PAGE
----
The key piece of data in an editorial calendar, aside from the issue and article topics, is the closing date. This is when ads must be purchased, but it also gives an indication of when reporters will be completing their stories. For monthly outlets, contact the reporter at least one month prior to the closing date. For weekly publications, contact should occur two weeks ahead of close.

When crafting pitches and targeting reporters, provide a straightforward description of your company and its connection to the topic along with a compelling case for how your company could help strengthen the article. Avoid hype! Instead, give the reporter concrete examples of your company's expertise or success in a particular situation. Avoid offering alternate story ideas unless your idea counters a commonly held belief--reporters are often attracted to the "devil's advocate."

Feature Articles

There are few PR activities that have such a singularly powerful impact as placing a feature story in one of your top media targets. But convincing a reporter to write a detailed, positive article on your company can be challenging. When pitching a feature article, it's important to tie together several factors:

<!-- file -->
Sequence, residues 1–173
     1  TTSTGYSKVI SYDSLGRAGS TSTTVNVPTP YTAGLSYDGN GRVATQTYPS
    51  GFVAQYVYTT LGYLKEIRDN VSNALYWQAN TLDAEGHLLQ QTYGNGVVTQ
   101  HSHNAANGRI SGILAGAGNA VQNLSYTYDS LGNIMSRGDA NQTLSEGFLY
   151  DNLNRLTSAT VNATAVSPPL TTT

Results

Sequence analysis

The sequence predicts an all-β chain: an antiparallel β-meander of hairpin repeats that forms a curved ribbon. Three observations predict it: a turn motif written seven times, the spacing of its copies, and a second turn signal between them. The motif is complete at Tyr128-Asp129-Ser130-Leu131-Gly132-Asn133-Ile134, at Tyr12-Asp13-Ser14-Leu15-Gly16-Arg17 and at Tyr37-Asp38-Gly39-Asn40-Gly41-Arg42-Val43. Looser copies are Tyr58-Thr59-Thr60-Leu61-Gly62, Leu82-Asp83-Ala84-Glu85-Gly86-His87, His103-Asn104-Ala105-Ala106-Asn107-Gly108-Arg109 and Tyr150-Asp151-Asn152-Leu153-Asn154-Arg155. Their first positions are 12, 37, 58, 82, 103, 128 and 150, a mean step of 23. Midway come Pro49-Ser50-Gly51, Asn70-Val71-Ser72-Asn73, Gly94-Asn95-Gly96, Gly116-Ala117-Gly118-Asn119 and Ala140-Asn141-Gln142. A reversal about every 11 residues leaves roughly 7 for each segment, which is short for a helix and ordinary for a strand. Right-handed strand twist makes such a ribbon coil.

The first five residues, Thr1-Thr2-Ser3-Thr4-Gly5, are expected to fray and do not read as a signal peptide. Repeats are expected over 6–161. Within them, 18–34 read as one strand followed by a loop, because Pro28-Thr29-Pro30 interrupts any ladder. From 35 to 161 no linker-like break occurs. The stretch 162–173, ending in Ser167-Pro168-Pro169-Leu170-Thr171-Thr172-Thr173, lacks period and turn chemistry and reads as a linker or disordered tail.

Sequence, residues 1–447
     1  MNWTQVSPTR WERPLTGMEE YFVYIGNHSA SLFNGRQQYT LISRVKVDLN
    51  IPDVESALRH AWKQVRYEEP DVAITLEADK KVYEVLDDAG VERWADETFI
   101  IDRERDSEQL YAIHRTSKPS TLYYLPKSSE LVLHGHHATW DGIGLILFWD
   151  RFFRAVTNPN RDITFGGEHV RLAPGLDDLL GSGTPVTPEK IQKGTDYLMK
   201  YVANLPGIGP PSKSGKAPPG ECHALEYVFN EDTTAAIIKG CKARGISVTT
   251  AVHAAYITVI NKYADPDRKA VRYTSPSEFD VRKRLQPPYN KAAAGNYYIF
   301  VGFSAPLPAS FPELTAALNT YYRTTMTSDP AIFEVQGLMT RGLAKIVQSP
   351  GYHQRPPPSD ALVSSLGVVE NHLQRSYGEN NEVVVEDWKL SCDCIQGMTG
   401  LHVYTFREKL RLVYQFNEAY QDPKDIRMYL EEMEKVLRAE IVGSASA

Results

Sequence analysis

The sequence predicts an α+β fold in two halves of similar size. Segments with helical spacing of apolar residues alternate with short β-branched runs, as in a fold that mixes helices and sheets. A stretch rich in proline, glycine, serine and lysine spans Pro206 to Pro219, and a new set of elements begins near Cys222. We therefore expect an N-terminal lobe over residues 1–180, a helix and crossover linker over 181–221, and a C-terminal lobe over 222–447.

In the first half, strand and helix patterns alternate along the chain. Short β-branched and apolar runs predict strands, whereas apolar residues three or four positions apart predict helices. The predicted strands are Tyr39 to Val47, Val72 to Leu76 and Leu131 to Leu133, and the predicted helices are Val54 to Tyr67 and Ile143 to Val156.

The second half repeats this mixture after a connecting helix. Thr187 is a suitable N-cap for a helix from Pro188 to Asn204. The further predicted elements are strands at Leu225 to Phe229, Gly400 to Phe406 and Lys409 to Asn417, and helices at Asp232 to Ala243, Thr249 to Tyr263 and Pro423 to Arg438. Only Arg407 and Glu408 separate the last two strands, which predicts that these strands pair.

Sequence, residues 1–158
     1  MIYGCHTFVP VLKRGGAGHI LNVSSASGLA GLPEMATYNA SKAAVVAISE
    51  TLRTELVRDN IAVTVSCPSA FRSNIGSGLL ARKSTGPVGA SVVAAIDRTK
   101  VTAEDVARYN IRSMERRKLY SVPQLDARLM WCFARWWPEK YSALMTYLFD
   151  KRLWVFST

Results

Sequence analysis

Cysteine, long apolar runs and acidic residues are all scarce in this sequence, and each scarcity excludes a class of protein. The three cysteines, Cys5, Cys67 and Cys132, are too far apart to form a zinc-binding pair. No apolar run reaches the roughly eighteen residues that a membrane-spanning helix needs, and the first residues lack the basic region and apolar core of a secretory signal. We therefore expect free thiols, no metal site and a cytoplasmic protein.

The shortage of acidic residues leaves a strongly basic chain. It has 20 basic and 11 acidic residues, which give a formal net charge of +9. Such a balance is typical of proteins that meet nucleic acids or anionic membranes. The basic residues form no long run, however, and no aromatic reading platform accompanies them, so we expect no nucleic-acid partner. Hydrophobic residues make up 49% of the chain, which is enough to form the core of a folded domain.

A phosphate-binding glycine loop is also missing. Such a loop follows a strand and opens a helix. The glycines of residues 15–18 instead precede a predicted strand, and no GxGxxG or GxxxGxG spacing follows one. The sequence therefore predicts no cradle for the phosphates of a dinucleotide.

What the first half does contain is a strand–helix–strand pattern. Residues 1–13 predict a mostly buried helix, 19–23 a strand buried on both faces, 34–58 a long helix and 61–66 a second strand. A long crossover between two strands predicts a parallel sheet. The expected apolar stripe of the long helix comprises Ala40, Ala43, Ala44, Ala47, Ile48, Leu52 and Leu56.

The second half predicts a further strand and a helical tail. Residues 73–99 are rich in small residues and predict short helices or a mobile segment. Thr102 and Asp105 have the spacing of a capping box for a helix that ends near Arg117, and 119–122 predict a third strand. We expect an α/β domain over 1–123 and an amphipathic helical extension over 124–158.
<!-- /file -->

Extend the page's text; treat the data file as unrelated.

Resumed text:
• Know about the outlet's focus and the reporter's writing style. A little research can go a long way to landing prime-time coverage.

  • Make sure to take a 360-degree view of your company. Use multiple, converging angles that highlight your company as an integral part of your industry or the world as a whole. Offering this depth of information should help the reporter grasp the fullness of the story. In the same vein, it's helpful to link your company to a significant industry trend or issue in the news. This'll help provide the reporter with a timely angle around which to craft the story.